A new study found atrial fibrillation has been associated with smaller brains and smaller frontal lobes.
The Framingham Heart study conducted by researchers at Boston University, published July 11 in the journal Heart Rhythm, looked at the relationship between atrial fibrillation and brain volumes in more than 2,000 people.
Of the sample population without prior stroke or dementia conditions, 73 had prevalent atrial fibrillation at the time they received an MRI during the study.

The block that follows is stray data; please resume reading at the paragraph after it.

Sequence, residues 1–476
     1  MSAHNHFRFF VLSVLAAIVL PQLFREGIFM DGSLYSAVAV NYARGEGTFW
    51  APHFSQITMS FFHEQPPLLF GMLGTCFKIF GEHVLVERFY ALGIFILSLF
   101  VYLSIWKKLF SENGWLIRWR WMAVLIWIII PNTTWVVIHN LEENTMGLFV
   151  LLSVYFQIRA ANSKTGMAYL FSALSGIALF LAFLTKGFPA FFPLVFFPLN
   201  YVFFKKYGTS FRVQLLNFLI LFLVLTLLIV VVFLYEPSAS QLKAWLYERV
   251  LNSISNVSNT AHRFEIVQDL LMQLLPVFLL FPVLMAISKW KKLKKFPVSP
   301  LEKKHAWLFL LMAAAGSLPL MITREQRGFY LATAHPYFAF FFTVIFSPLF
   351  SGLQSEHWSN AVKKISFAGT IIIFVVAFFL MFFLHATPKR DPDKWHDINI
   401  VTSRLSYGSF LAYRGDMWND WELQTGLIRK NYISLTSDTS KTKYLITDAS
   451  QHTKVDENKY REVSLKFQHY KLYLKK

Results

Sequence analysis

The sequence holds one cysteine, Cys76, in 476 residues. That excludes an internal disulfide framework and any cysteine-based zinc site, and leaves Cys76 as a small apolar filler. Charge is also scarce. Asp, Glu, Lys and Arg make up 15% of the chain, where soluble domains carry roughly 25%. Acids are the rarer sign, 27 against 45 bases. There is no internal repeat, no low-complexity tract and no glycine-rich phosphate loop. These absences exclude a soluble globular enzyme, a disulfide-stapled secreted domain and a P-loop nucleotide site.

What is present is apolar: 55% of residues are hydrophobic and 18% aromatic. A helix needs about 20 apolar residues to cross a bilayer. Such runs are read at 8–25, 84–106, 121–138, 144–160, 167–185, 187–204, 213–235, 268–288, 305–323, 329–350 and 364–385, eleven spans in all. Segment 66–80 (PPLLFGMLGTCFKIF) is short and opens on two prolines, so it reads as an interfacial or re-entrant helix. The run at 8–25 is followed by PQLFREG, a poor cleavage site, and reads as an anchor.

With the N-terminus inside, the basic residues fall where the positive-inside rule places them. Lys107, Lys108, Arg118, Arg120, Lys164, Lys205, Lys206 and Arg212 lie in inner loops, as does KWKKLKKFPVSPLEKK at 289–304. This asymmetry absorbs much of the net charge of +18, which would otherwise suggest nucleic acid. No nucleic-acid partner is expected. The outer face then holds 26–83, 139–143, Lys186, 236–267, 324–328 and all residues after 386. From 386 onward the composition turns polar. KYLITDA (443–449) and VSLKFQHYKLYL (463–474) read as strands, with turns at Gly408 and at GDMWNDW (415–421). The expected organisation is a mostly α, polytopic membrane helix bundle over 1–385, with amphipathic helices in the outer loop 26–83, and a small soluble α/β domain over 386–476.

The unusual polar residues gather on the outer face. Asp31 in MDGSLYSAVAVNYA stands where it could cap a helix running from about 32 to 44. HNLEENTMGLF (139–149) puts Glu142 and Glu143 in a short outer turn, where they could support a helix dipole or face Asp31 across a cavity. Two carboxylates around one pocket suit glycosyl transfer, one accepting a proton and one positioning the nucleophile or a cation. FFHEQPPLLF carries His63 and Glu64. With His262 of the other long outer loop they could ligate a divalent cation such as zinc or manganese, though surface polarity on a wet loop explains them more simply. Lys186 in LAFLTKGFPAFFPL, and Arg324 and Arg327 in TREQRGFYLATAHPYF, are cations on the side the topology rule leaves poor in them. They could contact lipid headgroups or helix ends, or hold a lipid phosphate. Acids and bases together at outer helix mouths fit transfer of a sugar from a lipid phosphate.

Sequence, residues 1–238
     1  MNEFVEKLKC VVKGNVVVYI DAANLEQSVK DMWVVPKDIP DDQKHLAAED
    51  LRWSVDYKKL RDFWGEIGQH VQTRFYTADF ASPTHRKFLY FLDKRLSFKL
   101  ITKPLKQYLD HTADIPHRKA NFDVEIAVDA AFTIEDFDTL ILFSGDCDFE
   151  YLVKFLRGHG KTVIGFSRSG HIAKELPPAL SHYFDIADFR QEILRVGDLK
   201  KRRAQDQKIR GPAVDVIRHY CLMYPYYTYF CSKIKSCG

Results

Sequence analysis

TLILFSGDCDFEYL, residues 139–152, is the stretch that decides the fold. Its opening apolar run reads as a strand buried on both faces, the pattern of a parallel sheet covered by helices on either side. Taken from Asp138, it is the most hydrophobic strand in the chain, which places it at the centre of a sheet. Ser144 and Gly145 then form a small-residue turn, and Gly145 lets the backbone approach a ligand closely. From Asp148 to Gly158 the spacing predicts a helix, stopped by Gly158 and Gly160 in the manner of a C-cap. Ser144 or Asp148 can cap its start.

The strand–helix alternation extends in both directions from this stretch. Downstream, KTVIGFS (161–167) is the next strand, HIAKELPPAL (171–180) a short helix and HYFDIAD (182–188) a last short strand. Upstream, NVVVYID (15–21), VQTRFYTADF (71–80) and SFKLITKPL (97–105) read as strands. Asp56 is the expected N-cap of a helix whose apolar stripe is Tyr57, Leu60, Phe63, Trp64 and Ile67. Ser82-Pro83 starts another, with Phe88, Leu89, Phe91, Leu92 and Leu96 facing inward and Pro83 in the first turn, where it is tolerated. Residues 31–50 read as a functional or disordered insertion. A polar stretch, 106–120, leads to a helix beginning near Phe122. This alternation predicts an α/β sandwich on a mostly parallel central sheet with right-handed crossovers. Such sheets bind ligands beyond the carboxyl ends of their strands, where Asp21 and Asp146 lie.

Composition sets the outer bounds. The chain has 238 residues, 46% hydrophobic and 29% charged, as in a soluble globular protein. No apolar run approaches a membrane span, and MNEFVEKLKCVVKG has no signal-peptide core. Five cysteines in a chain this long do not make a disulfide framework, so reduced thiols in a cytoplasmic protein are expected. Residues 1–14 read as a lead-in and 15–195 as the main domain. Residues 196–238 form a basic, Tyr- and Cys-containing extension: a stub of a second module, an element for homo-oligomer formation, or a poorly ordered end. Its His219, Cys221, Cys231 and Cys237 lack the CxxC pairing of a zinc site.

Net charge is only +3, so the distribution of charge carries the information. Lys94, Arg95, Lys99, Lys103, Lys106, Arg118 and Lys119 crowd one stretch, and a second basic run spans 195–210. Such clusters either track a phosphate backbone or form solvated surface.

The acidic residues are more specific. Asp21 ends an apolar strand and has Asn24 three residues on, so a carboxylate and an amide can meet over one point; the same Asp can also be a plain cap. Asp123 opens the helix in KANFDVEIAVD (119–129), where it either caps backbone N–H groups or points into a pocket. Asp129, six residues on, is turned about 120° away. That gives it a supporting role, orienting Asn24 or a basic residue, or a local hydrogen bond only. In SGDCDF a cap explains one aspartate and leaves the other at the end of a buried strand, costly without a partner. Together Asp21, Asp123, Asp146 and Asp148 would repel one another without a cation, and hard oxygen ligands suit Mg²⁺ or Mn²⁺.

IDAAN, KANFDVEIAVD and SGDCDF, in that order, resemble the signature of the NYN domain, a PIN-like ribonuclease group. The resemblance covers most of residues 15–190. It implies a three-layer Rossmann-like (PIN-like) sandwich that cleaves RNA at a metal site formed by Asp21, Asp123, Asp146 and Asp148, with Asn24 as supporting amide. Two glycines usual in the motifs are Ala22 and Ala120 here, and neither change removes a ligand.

The researchers studied patients’ total cerebral volume, frontal lobe volume, temporal lobe volume, hippocampal volume and white matter hyper-intensity volume. Results showed atrial fibrillation was associated with smaller frontal lobe volumes, even after adjusting for age, gender, vascular risk factors and APOE4, a gene linked to smaller brain volumes.
Rhoda Au, PhD, a professor at Boston University’s Schools of Medicine and Public Health and the director of neuropsychology for the Framingham Heart study, said in a statement that further research will be done to determine whether the findings could have an impact on cognitive skills like problem solving, memory and language.